Russian Strategic Bomber Flights: Long Range Deception

Publication: Eurasia Daily Monitor Volume: 6 Issue: 220

On November 24 and 25 two Russian Tu-95MS strategic bombers flew long range patrolling missions above neutral waters in the Arctic to the Atlantic Oceans. Russian Air Force spokesman Lieutenant-Colonel Vladimir Drik said that during the 16 hour missions that featured mid-air refueling from Il-78 tankers, NATO F-15 and RAF Tornado’s followed the Russian bombers. Russian strategic aviation flights, according to Drik, “strictly comply with the international rules of using airspace over neutral waters without violating the borders of foreign countries” (Interfax, November 25). The UK defense ministry and the RAF dispute this, arguing that while these flights pose no direct military threat, and remain in international airspace, the Russian authorities consistently fail to inform the relevant air traffic control bodies of their movements; raising civil aviation flight safety concern since these military patrols transit some of the busiest air routes (Russia: a New Confrontation? House of Commons Report, July, 2009).

Last month, two Tu-160 strategic bombers successfully performed an air patrol mission of “unprecedented complexity.” Taking off from Engels airbase their route followed the country’s northern border into the Pacific, before returning across Russia’s southern borders after twice being refueled in mid-air: the 20 hours flight duration exceeded previous missions during the past twenty years (ITAR-TASS, November 20).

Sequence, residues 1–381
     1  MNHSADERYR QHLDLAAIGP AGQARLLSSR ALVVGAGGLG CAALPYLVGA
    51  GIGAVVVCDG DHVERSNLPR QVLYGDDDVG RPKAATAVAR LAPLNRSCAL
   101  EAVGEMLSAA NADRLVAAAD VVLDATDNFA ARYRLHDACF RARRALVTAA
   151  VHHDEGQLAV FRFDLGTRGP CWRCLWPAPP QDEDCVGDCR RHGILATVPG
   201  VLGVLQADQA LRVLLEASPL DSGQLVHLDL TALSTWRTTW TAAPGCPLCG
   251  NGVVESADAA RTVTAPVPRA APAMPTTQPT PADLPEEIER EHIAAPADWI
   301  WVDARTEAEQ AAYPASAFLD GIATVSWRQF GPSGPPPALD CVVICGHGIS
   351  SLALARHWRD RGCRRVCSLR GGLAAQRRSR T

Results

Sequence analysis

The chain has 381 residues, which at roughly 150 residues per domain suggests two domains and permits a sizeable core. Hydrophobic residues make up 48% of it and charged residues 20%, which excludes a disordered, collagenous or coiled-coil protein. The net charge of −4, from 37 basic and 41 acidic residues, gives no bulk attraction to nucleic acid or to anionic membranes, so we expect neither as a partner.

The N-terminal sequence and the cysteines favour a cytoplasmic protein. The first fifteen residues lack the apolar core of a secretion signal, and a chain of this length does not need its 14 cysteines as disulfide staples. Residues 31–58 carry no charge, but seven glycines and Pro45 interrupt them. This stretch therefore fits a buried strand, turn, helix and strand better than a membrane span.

However, Colonel Anatoliy Tsyganok, the head of the Military Forecasting Center at the Institute for Political and Military Analysis in Moscow considers such flights militarily questionable. He referred to the Tu-160 and Tu-95 strategic bombers as “morally and technically obsolete,” reflecting the technology of the 1950’s to 1980’s. Their designated missions were to achieve key objectives using nuclear and conventional weapons in distant geographical locations and deep within any theater of operations. The Tu-95 entered service with Long-Range Aviation units in 1956, while production stopped in 1992. It will remain in service into the next decade, currently being refitted with upgraded onboard electronic weaponry and a new generation of “precision strategic missiles.” On the other hand, the Tu-160 was a “survivor” from the contraction in the Soviet defense industry in late 1980’s (Svobodnaya Pressa, October 30).

Indeed, Tsyganok believes the type of air patrolling mission now being conducted by strategic aviation is obsolete, since it has “fallen behind weapons-related development. It is highly vulnerable in the air and on the ground, it is dependent on the availability of refueling aircraft, and using it as a means of weapons delivery to the point of use takes up too much time. In an actual combat situation these aircraft would have been destroyed by enemy missiles long before they were able to deliver their retaliatory strike.” Their dependence on the presence of tanker aviation and advance prepared airfields clearly restricts its potential. In fact, any theoretical military justification only relates to supporting Russia’s presence on the Arctic shelf, after a military satellite tasked with surveillance of this and adjoining areas was accidently brought down two years ago. Tsyganok considers the underlying reasons for the resumption of such flights as purely symbolic: “In my view, moreover, the current patrolling is more of a PR exercise than a demonstration of real capabilities,” he noted (Svobodnaya Pressa, October 30).